How to Grow Alocasia jacklyn Indoors | Alocasia jacklyn Care Guide

With large leaves and distinctive black veins, Alocasia Jacklyn is perfect for creating an indoor jungle! Get a complete care guide below!

How to Grow Alocasia jacklyn Indoors | Alocasia jacklyn Care Guide 1

Alocasia jacklyn, is a magnificent addition to any indoor garden. With its large, glossy green leaves and distinctive veining, this tuberous plant is sure to make a statement. Nurture your own little piece of paradise, sitting gorgeously in your living room with this Alocasia jacklyn Indoor Growing Guide!

  • Botanical Name: Alocasia jacklyn
  • Family: Araceae
  • Popular as Alocasia Tandurusa
  • Rare houseplant—prized for unique foliage shape
  • Prefers light, well-draining medium
  • Thrives best in bright indirect light

Learn about Growing Glacier Pothos Indoors here

Alocasia jacklyn Plant Information

Native to Indonesia, Alocasia jacklyn is an ornamental gem of the botanical world featuring large glossy foliage resembling deer antlers with a fine hairy texture. The green foliage with a dark green to purple venation held on the 2 feet tall stems, adding a touch of height and drama to any room.

The stems are smooth and have a striking purplish-black color, complementing the rich green of the leaves. The Alocasia Jacklyn’s unique foliage, combined with its impressive stature, makes it a standout choice for any indoor garden enthusiast.

 Pot Size

The best bet is to get a pot that is one size bigger than the root ball of the plant. Start your Alocasia jacklyn in an 8-10 inches container. As you find the plant outgrowing its pot, you may transplant it to one size bigger container.

Put on your creativity hat and use big mugs, teapots, or small tin cans with enough drainage holes to complement your houseplant.

Alocasia jacklyn Propagation


Alocasia jacklyn is best propagated through root division. Get hold of a healthy plant and take it out of the pot and shake off the excess soil from the root clump. Once you’ve exposed the roots, use a disinfected knife to divide the rhizome into parts containing some stems and a healthy root system. Now that you have the new baby plant with its own little root system, you can easily propagate them in a small pot.

Fill a container with a well-draining medium and plant the tuber in it. Water well and place the pot at a location that receives bright, indirect sunlight. The baby plant will start showing growth in just a few weeks.

Alocasia jacklyn Growing Requirements

How to Grow Alocasia jacklyn Indoors | Alocasia jacklyn Care Guide 2


Alocasia jacklyn loves to thrive in bright indirect sunlight. Excessive sunlight can burn their foliage, while complete shade will stunt its growth. Do bear in mind that the houseplant may have difficulty thriving without ample sunlight, so placing the plant near a bright window that receives the sweet morning sunlight will maximize the potential for growth.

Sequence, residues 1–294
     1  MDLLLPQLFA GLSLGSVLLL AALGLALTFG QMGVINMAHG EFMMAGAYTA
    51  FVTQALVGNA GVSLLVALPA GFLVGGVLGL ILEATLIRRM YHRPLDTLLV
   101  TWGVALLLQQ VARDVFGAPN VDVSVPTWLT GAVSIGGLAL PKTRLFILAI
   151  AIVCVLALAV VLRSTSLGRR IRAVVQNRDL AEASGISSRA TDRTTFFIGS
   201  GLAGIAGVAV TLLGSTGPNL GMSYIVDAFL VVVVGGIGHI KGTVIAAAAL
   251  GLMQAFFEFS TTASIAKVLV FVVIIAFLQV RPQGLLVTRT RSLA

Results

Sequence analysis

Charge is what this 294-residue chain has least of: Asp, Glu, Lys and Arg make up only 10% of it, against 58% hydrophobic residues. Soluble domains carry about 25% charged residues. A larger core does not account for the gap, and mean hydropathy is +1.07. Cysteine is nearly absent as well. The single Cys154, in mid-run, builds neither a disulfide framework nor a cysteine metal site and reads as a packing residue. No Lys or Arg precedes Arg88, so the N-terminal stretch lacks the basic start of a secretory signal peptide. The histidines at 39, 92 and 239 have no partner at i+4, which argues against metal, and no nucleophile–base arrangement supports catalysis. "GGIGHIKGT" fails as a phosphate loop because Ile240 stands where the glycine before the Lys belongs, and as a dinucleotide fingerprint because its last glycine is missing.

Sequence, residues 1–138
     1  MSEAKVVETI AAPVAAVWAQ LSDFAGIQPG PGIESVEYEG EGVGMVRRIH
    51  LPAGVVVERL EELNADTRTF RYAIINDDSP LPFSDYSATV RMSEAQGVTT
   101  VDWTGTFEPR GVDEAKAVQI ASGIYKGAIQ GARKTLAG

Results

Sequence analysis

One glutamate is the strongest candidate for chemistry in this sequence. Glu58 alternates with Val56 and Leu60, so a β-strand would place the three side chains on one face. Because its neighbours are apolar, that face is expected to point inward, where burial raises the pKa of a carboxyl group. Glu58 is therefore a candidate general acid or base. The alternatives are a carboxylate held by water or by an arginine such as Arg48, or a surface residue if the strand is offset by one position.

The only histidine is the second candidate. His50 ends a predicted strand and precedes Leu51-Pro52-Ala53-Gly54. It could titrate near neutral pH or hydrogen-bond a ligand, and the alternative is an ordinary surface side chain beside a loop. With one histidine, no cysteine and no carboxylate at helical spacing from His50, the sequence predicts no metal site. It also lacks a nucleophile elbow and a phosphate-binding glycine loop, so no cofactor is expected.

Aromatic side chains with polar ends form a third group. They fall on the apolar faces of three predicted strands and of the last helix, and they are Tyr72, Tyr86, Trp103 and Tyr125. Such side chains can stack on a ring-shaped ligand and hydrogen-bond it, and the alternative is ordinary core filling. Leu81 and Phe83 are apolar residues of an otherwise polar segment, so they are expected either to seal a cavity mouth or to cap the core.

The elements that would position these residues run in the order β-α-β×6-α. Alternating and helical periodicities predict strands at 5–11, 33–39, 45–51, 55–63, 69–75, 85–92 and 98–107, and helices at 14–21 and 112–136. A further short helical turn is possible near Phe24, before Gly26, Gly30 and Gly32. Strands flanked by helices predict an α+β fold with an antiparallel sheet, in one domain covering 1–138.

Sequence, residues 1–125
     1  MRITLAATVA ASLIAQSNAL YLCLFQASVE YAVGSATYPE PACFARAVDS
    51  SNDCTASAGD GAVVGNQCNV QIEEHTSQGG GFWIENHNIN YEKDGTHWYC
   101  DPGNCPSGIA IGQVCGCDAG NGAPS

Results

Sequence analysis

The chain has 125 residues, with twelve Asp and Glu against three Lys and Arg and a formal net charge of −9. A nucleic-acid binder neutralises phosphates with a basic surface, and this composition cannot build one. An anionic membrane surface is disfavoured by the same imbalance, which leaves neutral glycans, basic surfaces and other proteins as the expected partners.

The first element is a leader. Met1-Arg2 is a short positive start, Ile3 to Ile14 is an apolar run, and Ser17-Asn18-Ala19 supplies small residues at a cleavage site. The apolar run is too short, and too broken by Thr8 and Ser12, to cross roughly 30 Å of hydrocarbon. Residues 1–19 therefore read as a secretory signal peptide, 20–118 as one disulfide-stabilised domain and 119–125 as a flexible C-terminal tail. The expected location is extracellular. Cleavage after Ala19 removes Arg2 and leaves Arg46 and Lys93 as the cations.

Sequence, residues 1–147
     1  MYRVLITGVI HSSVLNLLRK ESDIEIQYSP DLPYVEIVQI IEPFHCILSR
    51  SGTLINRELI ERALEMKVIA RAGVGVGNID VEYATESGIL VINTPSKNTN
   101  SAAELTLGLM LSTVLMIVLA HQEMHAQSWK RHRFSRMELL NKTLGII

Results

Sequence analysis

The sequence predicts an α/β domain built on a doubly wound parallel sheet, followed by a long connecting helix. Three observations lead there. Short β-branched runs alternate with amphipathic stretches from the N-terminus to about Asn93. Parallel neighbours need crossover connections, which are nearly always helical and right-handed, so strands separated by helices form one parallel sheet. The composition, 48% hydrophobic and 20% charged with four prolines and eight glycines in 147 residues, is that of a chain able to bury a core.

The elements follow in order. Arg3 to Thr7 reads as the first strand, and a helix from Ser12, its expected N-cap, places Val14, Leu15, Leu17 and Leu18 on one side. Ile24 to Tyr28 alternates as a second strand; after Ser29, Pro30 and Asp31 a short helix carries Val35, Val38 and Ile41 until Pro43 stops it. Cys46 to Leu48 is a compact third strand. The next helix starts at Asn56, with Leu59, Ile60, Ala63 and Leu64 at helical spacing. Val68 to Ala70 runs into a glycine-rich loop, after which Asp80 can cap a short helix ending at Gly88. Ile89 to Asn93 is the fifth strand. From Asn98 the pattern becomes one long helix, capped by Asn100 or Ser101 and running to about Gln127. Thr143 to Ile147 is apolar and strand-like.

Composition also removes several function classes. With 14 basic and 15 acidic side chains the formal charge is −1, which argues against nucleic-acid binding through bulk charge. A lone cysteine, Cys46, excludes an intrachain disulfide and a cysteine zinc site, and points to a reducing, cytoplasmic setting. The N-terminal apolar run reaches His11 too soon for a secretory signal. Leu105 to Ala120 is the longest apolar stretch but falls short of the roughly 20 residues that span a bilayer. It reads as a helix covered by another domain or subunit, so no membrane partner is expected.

A well-drained medium that is loose and has a moderate textural bond is great for your Alocasia jacklyn. Get a sandy loam mixture that allows sufficient airflow for the roots to breathe. A blend of perlite, coco coir, and orchid bark can provide the right growing conditions.


Handle the watering procedure depending on the weather conditions and avoid flooded conditions. Water these plants once a week when the 2 inches of soil gets dry. Get a container with enough outlets to let the excess water drain out quickly without affecting the plant’s health.

Temperature and Humidity

Alocasia jacklyn loves to remain at 65°F (18°C) to 75°F (23°C) to exhibit the best growth. Temperature fluctuation is not something the plant appreciates. Anything below 59 F or 15 C will require you to expose the plant to room heaters or an indoor greenhouse to support its growth.

Ensure to maintain more than 50% humidity for this plant to thrive. Use humidifiers or pebble trays for drier days. Occasional misting also works.

Alocasia jacklyn Care


Alocasia jacklyn is a slow feeder and is not much bothered about fertilizer. You can apply balanced liquid fertilizer once every 4-6 weeks in the spring after diluting it to half its strength. Top-dressing the plant with a slow-release feed once in the growing season will also aid its growth.

Diseases and Pests

Most plant diseases are a result of pathogenic organisms such as fungi, bacterium, mycoplasma, virus, viroid, nematode, etc. Crown, stem, and root rot are common ailments that can badly affect the health of this plant.

Keep an eye out for such conditions and spritz the plant with a neem oil solution in case of infestation. Wipe the plant with soapy water once in a while to keep the foliage off dust or debris. Keeping away from overwatering will cut down most of the plant issues.

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